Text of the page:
Addition of milk to tea infusions: Helpful or harmful? Evidence from in vitro and in vivo studies on antioxidant properties

Crit Rev Food Sci Nutr. 2017 Oct 13;57(15):3188-3196. doi: 10.1080/10408398.2015.1099515.


Tea consumption is practised as a tradition, and has shown potential to improve human health. Maximal uptake of tea antioxidants and milk proteins without a negative impact on tea flavor is highly desired by consumers. There is a conflicting evidence of the effect of milk addition to tea on antioxidant activity. Differences in the type of tea, the composition, type and amount of milk, preparation method of tea-milk infusions, the assays used to measure antioxidant activity, and sampling size likely account for different findings. Interactions between tea polyphenols and milk proteins, especially between catechins and caseins, could account for a decrease in antioxidant activity, although other mechanisms are also possible, given the similar effects between soy and bovine milk. The role of milk fat globules and the milk fat globule membrane surface is also important when considering interactions and loss of polyphenolic antioxidant activity, which has not been addressed in the literature.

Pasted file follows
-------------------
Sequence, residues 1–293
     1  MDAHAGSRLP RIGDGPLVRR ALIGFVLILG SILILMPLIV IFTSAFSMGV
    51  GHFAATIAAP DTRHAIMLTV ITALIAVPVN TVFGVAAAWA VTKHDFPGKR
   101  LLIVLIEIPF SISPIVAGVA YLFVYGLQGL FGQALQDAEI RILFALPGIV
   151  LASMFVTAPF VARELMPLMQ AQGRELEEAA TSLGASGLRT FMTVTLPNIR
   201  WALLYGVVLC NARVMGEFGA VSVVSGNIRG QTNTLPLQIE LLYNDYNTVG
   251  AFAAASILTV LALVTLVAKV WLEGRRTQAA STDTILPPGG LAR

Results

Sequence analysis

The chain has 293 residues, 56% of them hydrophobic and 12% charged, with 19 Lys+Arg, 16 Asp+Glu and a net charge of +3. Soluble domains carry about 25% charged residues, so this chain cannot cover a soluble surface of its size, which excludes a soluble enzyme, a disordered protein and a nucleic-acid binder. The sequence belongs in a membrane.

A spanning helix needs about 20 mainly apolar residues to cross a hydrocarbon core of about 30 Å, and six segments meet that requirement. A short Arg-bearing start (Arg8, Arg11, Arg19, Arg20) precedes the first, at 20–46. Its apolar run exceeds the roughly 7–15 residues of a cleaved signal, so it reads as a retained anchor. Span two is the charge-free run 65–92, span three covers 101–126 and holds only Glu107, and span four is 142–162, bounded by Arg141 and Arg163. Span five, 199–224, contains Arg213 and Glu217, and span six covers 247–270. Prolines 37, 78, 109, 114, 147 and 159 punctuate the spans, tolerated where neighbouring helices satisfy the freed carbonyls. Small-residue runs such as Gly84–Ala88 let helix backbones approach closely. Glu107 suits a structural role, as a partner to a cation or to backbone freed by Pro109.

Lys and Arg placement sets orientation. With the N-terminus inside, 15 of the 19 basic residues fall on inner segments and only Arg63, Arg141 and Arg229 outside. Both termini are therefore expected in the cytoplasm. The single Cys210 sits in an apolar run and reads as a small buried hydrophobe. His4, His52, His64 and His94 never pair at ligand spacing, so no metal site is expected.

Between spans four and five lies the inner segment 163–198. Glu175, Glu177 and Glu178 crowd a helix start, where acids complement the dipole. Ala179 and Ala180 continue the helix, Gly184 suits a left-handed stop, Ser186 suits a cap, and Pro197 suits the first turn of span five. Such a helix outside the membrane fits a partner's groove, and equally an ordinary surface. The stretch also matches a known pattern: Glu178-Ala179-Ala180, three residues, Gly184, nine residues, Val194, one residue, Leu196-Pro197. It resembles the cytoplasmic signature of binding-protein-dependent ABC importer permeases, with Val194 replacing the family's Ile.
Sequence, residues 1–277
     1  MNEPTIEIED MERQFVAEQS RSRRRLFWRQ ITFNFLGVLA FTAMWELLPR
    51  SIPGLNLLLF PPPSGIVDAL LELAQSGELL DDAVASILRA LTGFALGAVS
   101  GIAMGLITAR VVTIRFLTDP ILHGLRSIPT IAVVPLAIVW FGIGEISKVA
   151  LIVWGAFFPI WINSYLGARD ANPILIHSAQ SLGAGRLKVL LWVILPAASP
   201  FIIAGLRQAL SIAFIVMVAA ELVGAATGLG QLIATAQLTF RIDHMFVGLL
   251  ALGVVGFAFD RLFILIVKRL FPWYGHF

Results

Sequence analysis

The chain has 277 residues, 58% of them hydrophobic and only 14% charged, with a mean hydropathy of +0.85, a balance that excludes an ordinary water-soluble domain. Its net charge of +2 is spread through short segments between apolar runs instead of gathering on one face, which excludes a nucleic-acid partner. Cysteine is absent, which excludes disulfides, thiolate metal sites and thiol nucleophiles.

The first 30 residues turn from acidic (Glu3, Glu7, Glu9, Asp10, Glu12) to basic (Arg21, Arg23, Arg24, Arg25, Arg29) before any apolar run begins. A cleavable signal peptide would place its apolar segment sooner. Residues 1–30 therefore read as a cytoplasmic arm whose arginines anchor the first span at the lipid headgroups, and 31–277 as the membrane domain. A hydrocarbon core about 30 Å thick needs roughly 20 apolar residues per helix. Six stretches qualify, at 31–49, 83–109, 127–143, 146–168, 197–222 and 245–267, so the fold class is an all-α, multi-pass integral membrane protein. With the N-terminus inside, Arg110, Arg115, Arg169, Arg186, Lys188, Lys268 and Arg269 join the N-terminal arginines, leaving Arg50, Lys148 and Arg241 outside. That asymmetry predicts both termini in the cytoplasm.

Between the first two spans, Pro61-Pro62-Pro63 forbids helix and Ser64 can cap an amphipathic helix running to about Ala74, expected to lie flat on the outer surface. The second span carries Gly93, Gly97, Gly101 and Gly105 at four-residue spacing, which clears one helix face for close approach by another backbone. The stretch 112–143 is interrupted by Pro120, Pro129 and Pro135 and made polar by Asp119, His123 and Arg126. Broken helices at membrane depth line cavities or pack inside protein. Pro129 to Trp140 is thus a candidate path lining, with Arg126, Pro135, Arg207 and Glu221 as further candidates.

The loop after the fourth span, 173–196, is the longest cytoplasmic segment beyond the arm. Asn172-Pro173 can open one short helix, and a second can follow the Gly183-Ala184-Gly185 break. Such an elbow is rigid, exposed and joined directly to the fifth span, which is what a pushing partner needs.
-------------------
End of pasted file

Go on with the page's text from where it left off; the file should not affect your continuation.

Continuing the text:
Keywords: Polyphenols; antioxidant activity; bioavailability; chemical interactions; milk fat globules; milk proteins.

MeSH terms

  • Animals
  • Antioxidants / analysis
  • Antioxidants / chemistry*
  • Caseins
  • Catechin
  • Cattle
  • Humans
  • Lipid Peroxidation
  • Milk / chemistry*
  • Polyphenols / chemistry*
  • Tea / chemistry*


  • Antioxidants
  • Caseins
  • Polyphenols
  • Tea
  • Catechin